About Man with a Movie Camera

One of the most innovative and influential films of the silent era, Dziga Vertov’s Man with a Movie Camera utilizes rapid editing and innumerable other cinematic effects to create a work of amazing modernity and power. This dawn-to-dusk view of urban Soviet life shows people at work, at play, and at the machines that endlessly whirl to keep the metropolis alive. It was Vertov’s first full-length film, and it employs all the cinematic techniques at the director’s disposal—dissolves, split-screens, slow-motion, and freeze-frames—to produce a work that is as exhilarating as it is intellectually brilliant. [68 mins; documentary; silent film with intertitles]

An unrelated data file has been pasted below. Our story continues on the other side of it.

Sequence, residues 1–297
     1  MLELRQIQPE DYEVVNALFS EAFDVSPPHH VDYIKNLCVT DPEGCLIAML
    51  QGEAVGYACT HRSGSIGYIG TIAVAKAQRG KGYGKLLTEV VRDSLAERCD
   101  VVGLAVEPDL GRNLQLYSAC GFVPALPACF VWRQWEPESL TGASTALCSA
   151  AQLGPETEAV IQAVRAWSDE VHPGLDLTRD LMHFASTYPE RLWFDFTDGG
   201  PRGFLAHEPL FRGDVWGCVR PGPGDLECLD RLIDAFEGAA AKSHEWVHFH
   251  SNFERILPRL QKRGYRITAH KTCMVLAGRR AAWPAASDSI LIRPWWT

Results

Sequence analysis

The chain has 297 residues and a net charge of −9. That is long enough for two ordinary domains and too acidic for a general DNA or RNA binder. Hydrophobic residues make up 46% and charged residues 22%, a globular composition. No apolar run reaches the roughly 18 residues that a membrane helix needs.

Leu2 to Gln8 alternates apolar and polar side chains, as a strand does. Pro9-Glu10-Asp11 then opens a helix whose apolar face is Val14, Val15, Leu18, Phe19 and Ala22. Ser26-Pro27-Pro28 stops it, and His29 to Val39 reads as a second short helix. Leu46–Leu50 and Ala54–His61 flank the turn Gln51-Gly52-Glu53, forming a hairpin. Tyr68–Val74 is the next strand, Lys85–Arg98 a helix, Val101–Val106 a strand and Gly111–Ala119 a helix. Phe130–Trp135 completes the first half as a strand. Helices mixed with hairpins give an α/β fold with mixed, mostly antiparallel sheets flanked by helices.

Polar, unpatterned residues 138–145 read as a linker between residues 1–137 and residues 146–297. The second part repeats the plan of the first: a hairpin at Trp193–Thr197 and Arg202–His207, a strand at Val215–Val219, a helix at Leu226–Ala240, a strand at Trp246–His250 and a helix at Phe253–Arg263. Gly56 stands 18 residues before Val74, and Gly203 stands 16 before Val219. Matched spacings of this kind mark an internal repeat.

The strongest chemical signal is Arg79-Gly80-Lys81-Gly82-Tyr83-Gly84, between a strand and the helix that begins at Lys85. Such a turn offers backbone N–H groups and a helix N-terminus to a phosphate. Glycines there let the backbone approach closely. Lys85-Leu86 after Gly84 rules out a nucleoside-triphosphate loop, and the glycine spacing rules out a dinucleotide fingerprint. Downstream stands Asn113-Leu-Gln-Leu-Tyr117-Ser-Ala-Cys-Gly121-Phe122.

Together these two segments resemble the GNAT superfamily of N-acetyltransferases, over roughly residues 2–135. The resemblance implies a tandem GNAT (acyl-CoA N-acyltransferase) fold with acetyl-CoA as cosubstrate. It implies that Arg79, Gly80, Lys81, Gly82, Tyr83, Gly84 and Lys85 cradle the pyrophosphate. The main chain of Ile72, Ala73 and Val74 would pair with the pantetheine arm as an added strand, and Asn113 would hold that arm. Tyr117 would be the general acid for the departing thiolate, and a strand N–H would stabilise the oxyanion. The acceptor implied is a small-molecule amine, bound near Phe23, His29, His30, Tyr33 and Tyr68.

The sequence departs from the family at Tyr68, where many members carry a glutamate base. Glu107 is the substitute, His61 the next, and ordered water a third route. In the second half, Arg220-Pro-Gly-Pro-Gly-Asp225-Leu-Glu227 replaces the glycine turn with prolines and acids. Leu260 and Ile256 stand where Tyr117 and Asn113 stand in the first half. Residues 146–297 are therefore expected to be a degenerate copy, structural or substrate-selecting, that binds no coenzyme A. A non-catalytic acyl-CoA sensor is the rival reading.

Montopolis is an indie chamber music group from Austin, Texas, that performs the works of composer Justin Sherburn, the grandson of Romanian immigrants and member of Okkervil River. Sherburn’s original score incorporates indie rock, extended techniques, and traditional Ukrainian folk melodies. According to Sherburn (whose Ashkenazi family name is Shapiro), the work is “an exercise in the power of music to undermine a film’s intention.”  Man with a Movie Camera was commissioned by the Soviet regime under Joseph Stalin to showcase the might of industry in the cities of Kyiv, Kharkiv, and Odesa. The composer’s empathetic and romantic score transforms a nationalistic propaganda film into a celebration of the human spirit, emphasizing the humanity of the Ukrainian people over the industrial prowess of the Soviet Union.

Sales from all Montopolis merchandise on the tour will be donated to UNICEF to support their crisis relief efforts in the region.

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